The security significance is also very intriguing for the Indian Ocean,the connection with the Arabian Sea to its North-West and the South China Sea to its North-East makes it appear a raging bull with two sharp horns. The waters around both the Arabian and South China Seashave become heavily militarised due to global players’ push to ensure domination. It’s now the only region in the world to have the active military presence of all the major powers US, China, India, Russia, France, and the UK. The great Asian rivalry between India and China is also an unmistakable component of the region, making it an unparalleled subject of interest among military strategists, and scientific and business communities.
The geographic disposition ofIOR is highly significant for India which holds the largest coastline of this ocean than anyone else. Many believe the naming of the Indian Ocean is closely inspired by India itself, which sits at the head and center of the ocean. This not only makes India the biggest economic claimant with massive EEZ but also a key stakeholderin enforcing security andrules-based conduct in the IOR.
On India’s part, it has indeed undertaken the responsibility and hasserved as a resident power. It has very strong historical and cultural connections and a sizable Indian diaspora in many of these countries.Historically, the dispersion of people from India and the formation of Indian Diaspora communities is the result of different waves of migration over hundreds of years driven by a variety of reasons: slavery under mercantilism, indentured labour under colonisation, and guest work programmes post-colonialism.India has been actively working to forge close diplomatic ties with all the countries in the region. A proactive diplomatic engagement becomes an important necessityfor laying down certain ground rules for ensuring adherence to accepted global norms.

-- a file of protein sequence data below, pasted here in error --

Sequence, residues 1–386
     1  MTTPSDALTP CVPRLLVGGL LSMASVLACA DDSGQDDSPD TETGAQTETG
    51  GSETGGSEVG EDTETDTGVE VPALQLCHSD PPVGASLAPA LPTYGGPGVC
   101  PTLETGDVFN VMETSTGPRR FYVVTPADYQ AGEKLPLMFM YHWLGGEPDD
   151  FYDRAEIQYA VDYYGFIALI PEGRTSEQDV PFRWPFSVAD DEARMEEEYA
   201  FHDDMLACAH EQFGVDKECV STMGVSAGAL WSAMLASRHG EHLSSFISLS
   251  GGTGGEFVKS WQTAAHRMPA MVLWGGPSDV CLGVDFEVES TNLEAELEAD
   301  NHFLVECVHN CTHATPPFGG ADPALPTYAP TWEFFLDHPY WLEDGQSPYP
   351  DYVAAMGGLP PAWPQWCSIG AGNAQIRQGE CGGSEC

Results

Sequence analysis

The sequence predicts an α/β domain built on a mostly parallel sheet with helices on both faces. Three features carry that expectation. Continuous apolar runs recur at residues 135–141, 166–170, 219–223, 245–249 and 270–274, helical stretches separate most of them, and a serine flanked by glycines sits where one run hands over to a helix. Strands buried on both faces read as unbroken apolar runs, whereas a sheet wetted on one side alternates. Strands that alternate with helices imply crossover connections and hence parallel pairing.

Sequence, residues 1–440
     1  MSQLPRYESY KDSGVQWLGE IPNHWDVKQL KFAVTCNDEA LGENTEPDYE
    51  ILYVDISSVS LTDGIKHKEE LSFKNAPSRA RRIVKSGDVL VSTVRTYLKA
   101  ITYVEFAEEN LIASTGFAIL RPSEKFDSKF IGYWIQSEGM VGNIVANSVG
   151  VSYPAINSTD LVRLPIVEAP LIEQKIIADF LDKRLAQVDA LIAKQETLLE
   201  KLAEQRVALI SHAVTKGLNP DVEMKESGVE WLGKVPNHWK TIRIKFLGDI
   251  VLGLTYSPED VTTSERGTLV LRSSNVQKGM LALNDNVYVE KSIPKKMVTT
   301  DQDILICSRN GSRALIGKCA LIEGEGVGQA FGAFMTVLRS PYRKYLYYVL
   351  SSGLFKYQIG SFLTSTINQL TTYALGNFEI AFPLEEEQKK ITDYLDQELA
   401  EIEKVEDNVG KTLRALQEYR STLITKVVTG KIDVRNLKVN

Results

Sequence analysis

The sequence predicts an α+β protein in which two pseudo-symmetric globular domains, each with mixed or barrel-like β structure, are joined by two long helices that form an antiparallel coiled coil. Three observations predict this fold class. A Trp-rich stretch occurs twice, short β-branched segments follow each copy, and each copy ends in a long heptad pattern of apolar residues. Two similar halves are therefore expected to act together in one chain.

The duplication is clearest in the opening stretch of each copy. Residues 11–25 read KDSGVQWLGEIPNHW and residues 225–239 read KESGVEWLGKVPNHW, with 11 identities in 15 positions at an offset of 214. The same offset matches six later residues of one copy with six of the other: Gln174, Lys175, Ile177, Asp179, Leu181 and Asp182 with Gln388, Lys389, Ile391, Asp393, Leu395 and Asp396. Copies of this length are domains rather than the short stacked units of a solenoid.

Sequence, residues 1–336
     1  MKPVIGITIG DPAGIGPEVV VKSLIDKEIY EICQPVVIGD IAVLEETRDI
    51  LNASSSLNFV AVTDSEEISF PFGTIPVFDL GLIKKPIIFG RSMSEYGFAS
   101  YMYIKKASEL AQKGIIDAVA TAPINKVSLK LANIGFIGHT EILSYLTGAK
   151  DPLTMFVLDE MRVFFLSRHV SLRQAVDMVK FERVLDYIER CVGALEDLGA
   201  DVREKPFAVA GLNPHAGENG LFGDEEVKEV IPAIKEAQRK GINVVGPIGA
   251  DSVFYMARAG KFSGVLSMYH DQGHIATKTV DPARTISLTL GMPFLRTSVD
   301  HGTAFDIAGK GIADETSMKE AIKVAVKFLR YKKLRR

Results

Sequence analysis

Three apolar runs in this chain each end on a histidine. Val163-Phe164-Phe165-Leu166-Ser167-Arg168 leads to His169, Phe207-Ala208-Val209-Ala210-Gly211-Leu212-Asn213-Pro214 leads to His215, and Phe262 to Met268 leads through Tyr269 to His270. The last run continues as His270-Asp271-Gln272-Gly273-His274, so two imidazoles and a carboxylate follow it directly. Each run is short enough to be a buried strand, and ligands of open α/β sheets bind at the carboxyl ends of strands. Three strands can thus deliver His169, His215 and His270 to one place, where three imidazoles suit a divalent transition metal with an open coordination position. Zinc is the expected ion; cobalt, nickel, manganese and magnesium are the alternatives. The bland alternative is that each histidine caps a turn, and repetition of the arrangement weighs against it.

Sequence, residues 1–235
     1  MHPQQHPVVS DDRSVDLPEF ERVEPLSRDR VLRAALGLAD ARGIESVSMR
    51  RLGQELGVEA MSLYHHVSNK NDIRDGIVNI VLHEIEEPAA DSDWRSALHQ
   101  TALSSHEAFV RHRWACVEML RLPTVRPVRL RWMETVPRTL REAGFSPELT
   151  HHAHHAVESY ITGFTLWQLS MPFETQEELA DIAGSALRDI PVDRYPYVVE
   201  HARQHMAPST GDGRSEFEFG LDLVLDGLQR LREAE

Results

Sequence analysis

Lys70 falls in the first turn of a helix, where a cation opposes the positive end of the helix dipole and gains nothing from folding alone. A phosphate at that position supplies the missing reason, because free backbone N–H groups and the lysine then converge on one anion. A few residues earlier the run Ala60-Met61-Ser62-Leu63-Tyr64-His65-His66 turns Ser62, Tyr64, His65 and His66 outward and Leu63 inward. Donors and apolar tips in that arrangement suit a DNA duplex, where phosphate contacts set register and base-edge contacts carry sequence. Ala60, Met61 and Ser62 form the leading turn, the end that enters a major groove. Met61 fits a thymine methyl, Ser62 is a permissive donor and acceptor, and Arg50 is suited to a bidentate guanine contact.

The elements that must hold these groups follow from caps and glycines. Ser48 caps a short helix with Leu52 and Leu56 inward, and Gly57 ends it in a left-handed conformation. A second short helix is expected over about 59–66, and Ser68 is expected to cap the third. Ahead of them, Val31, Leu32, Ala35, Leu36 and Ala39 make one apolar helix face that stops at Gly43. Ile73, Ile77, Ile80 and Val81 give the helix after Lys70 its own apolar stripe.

India has maintained a strong military presence, closely coordinating with other regional navies. India has been overseeing the safe transit of commercial containers, undertaking anti-piracy operations in the high sea, and preventing illegal, unreported & unregulated exploitation of the ocean. India has proved to be the preferred partner for Westernpowers and has been acting as a net security provider in the region with its Navy carrying the onus of being first responder.